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Despite $4.1 million in budget cuts, Community School District 28 opened with a full complement of teachers last week, Superintendent Neil Kreinik told a school board meeting in Forest Hills Monday night.
As the new school year began, district administrators scrambled to compensate for $120 million withheld from the city Board of Education by Mayor Rudolph Giuliani because he wanted Schools Chancellor Harold Levy to cut his agencys administrative budget.
The mayor is holding us hostage for cuts he wants the chancellor to make, said Kreinik.
The superintendent said he did his best to minimize the damage of the budget cuts, but conceded all reductions are damaging.
We didnt impact directly upon the classroom, but everything you cut impacts the classroom, he said.
School Board 28 covers schools in Forest Hills, Jamaica, Richmond Hill, Rego Park, Kew Gardens and Ozone Park.
I didnt cut one teaching position, said Kreinik. I didnt cut one guidance counselor position or one assistant principal position. Other districts did that, but I didnt.
Instead, Kreinik focused his cuts in areas he said do not directly affect the classroom.
While teaching positions were not affected, the 29 schools that make up District 28 were forced to shoulder reductions in school aides, kindergarten paraprofessionals, supplies, materials and after- school programs, the superintendent said.
Weve started to cut down on buying and supplies and other needs, said School Board President Shirley Huntley. The superintendent sent out a memo telling people to not even order a pencil.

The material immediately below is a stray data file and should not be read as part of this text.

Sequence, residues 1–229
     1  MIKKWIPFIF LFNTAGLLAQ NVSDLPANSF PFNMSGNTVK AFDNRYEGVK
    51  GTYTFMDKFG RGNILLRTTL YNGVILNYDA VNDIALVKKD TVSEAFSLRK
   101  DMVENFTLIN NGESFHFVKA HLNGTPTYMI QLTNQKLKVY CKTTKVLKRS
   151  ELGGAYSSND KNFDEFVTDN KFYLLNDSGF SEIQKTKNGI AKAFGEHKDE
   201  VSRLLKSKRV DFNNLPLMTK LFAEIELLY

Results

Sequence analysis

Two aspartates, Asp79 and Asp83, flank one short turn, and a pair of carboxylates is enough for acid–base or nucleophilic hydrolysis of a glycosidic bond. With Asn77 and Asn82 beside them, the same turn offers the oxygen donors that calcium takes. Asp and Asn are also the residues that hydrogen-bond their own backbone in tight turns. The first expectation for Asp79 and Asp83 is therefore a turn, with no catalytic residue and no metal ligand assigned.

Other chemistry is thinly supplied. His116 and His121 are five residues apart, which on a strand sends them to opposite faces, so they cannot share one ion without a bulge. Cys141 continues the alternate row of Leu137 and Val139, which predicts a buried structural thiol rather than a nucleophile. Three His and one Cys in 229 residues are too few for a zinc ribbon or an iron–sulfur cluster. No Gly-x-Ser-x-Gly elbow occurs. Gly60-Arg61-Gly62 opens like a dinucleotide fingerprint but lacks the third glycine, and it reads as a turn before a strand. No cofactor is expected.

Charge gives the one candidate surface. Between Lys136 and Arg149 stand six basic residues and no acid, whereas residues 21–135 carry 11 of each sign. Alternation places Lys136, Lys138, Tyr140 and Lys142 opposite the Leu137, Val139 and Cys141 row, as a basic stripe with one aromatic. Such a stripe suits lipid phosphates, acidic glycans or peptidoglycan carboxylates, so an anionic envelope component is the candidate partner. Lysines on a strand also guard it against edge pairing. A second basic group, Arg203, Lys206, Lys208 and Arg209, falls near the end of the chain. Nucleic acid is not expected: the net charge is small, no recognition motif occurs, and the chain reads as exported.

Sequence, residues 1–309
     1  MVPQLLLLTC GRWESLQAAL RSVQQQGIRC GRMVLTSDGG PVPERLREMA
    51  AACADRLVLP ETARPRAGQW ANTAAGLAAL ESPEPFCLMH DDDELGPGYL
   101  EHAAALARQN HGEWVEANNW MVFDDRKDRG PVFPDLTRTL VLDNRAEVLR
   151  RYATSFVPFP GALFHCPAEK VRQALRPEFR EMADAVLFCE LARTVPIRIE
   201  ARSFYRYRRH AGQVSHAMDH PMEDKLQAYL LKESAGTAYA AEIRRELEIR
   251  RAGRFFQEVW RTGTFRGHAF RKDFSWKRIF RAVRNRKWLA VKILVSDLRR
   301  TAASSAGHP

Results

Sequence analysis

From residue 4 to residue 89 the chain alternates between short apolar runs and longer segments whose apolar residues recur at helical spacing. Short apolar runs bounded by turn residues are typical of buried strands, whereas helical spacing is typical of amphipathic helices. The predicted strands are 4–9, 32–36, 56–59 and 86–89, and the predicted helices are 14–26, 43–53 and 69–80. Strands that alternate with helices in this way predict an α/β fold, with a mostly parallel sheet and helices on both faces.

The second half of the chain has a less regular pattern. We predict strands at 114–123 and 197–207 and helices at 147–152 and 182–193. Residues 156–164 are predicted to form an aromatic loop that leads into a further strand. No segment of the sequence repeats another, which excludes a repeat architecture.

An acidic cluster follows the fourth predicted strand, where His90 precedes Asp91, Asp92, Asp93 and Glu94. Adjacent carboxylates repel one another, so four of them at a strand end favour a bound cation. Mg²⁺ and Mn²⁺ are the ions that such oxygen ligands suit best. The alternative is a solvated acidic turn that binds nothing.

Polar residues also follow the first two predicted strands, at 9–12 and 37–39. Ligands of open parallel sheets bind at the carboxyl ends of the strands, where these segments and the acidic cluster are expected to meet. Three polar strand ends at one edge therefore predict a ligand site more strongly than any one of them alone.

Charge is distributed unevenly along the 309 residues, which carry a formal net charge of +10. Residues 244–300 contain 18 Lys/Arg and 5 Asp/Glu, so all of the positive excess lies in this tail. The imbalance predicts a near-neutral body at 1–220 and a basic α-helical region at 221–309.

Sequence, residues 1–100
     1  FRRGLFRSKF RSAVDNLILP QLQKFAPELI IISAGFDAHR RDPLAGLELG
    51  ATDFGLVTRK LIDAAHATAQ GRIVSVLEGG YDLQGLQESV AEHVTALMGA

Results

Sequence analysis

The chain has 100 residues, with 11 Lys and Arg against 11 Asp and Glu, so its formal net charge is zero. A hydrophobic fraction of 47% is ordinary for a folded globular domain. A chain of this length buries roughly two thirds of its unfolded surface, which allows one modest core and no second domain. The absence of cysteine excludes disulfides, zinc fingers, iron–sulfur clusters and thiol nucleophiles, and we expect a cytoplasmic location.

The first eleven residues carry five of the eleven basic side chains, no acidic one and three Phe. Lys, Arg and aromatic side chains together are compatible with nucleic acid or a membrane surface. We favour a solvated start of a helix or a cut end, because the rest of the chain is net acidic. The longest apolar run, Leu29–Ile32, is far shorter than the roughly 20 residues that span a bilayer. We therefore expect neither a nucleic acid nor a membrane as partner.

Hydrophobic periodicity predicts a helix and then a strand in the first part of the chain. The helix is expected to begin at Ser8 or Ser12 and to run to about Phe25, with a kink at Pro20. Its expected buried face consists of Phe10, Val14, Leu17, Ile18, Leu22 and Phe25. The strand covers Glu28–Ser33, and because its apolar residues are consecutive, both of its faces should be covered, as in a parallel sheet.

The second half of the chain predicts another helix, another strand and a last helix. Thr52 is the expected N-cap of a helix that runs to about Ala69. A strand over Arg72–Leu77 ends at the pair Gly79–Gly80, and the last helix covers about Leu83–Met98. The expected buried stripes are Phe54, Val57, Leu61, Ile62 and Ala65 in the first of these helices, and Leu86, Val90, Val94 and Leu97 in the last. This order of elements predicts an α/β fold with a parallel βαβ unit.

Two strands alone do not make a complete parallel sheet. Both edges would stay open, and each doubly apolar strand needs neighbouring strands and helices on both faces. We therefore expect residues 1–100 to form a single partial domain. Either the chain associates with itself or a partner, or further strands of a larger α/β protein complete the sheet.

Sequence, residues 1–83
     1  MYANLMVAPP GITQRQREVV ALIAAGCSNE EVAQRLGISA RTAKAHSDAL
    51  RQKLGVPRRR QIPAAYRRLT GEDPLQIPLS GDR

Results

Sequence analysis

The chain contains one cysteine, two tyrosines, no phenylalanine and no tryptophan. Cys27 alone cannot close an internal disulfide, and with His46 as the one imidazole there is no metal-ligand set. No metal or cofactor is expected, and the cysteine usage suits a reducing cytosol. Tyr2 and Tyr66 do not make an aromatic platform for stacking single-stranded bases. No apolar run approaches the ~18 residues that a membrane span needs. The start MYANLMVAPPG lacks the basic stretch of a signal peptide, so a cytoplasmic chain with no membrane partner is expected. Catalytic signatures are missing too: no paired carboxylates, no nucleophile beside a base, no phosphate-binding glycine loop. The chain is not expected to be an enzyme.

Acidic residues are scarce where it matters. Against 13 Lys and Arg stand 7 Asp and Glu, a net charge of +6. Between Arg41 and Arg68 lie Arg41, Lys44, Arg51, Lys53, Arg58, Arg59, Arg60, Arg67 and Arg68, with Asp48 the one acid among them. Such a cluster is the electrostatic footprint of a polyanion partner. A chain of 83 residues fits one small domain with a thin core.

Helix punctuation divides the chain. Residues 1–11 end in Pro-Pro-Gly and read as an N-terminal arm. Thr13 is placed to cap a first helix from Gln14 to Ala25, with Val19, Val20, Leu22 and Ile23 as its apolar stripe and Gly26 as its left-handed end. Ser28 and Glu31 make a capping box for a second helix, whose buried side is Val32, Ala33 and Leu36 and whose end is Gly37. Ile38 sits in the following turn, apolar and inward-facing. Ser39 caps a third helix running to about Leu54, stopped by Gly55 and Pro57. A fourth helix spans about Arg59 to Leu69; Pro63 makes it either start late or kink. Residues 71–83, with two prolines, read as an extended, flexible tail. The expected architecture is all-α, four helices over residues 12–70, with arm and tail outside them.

The cuts were spread across various areas, according to Kreinik, so as more money comes into the district we can layer it back on and not have to start over.
Huntley said it is customary for the city to rescind cuts a few months into the school year.
We have high hopes, she said. It happens every two to three years, but then they restore the money in October or November.
Kreinik said the budget cuts were the only bumps in the opening of the school year in the district. Despite the appointment of 27 new senior staff members such as assistant principals and acting principals, there were no major problems when schools opened. New permanent principals were installed at PS 161 in Richmond Hill and PS 206 in Rego Park.
Its probably one of the smoothest openings weve ever had, said Kreinik.
Unlike many districts in Queens, a borough short of at least 20,000 seats, Huntley said overcrowding was not a major problem in District 28. We are not as overcrowded as other districts, she said. Were probably less than 100 seats short.
But Kreinik said there is a detriment to the seamless transition to a new school year.
Every day that passes without money coming in and with everything working well makes them think theyre right in making the cuts, he said.
Reach Reporter Daniel Massey by email at Timesledger@aol.com or call 229-0300.
©2001 Community Newspaper Group
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